Citizen Spotlight: Judy Builteman dove into community building in Rifle | PostIndependent.com
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Citizen Spotlight: Judy Builteman dove into community building in Rifle

Amanda H. Miller
Citizen Telegram Contributor
Judy Builteman of Rifle quickly got involved in helping Rifle grow as a community, after she moved to the area from California in 1986.
Mike McKibbin/Citizen Telegram |

Judy Builteman dove into the Rifle community as soon as she moved to the area, quickly becoming a leader in the Rifle Area Chamber of Commerce, earning a spot on City Council and now leading the Rifle Historical Society.

Her deep involvement fell in line with her quick affection for the community she didn’t discover until her children were grown.

Builteman, now 67, lived in San Bernadino, Calif. before she moved to Rifle in 1986.



“California was not impressing me anymore,” she said. “It was starting to get really crowded at the time.”

She came out to Rifle a few times to hunt with her future husband, Jim.



“I went into Miller’s Dry Goods and they just treated me like I’d lived in Rifle all my life,” Builteman said. “Everyone was so friendly. I just kind of fell in love with the town.”

She and Jim moved to Rifle, made a home and got married. Jim died this fall.

Builteman worked with Nielson’s, Inc. as an administrative assistant because she had the credentials to work for a government contractor. Nielson’s was hired to clean up uranium mill tailings. The company had a hard time finding someone who was licensed and bonded to clean the facility, so Builteman was an assistant by day and provided janitorial services at night. That was how she came to start her own business, Colorado Handyman.

“I just got really involved with the community really quickly,” she said.

She volunteered at the chamber’s hunter’s tent and got to know a lot of the movers and shakers in the area. Before long, she was elected to the chamber board of directors and was a founding member of the Chamber Ambassadors.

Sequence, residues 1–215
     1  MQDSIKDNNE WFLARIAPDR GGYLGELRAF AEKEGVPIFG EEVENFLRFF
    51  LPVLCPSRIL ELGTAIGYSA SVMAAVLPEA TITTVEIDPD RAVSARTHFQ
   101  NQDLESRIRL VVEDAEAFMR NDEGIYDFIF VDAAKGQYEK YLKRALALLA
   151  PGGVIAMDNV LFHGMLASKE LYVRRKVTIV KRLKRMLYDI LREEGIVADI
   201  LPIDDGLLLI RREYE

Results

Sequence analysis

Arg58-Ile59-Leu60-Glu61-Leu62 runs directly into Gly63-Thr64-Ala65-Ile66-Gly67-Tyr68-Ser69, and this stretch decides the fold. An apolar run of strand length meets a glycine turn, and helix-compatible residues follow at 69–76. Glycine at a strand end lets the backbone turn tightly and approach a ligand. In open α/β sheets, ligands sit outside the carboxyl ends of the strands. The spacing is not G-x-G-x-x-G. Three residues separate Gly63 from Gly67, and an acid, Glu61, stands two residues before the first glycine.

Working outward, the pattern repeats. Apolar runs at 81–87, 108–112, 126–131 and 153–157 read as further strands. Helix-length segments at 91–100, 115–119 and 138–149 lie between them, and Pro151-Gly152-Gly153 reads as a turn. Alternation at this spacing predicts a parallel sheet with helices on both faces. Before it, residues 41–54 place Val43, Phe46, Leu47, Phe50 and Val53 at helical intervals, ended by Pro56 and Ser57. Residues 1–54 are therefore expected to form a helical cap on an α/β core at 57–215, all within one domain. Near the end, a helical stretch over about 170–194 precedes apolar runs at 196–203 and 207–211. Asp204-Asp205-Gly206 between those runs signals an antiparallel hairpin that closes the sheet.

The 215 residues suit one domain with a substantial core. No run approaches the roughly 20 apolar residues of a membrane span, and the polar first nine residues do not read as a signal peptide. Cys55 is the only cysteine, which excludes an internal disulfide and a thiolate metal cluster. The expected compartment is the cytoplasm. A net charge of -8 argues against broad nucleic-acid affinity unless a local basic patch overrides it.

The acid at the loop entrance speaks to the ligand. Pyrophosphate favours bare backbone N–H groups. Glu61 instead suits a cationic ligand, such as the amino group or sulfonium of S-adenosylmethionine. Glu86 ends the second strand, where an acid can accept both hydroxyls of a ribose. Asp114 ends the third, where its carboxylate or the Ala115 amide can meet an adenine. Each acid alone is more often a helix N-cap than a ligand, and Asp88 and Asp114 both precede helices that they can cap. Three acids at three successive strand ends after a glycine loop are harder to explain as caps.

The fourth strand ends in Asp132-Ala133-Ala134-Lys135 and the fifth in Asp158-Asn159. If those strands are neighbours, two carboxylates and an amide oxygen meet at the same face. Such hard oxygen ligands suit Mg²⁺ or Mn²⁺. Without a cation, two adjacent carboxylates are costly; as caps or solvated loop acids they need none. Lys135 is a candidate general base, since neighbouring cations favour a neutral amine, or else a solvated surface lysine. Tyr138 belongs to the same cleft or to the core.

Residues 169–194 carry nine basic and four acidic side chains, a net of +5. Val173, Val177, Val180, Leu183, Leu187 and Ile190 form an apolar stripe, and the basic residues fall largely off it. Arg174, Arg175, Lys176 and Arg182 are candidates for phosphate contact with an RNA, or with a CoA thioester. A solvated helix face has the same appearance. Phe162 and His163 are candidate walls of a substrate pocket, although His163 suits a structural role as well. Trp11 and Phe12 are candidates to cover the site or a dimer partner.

“We were trying to put Rifle on the map, encourage businesses to grow and to move to Rifle,” Builteman said. “We wanted to rally the little city to help it stay alive and start growing.”

She was appointed to the City Council to fill a vacancy and then ran and served two terms.

“We laid out 10- and 20-year plans,” she said. “I feel really, really good about all we did, because I’m starting to see a lot of that come to fruition.”

While on the council in the mid-1990s, Builteman said she was keen to get a big box store to move to the area. The city owned land on the south side of the interstate and tried to give it away to Lowe’s or Cabella’s or Target.

“They all turned it down – every one of them,” she said.

So, the city sold the land to a developer. A few years later, Walmart came to town and things have grown up a lot around the retailer.

Builteman started to get tired of the hard labor involved with cleaning and maintaining local office buildings and shut down her Colorado Handyman business to start working for Walmart after it opened. She retired this year after 10 years of training associates.

While the growth on the south side of town around Walmart has been “a blessing,” Builteman said she was surprised to see the growth threaten some of Rifle’s most historic structures.

“I didn’t want to see that happen because I love this little town,” she said.

She formed the Rifle Historical Society in 2005, the city’s centennial year. After she helped coordinate the centennial celebration, she asked City Council if it could fund the new society with the $3,500 remaining in the celebration budget. That’s how it got started.

The society has worked to help preserve historic buildings like the Ute Theater and to support the Rifle Creek Museum.

Builteman said there have been times when she felt overcommitted, but she has always loved being deeply involved with the Rifle community.

Now, she has started stepping back from some of her leadership roles.

“I just figure we need to work on getting some of the youngsters involved,” Builteman said.


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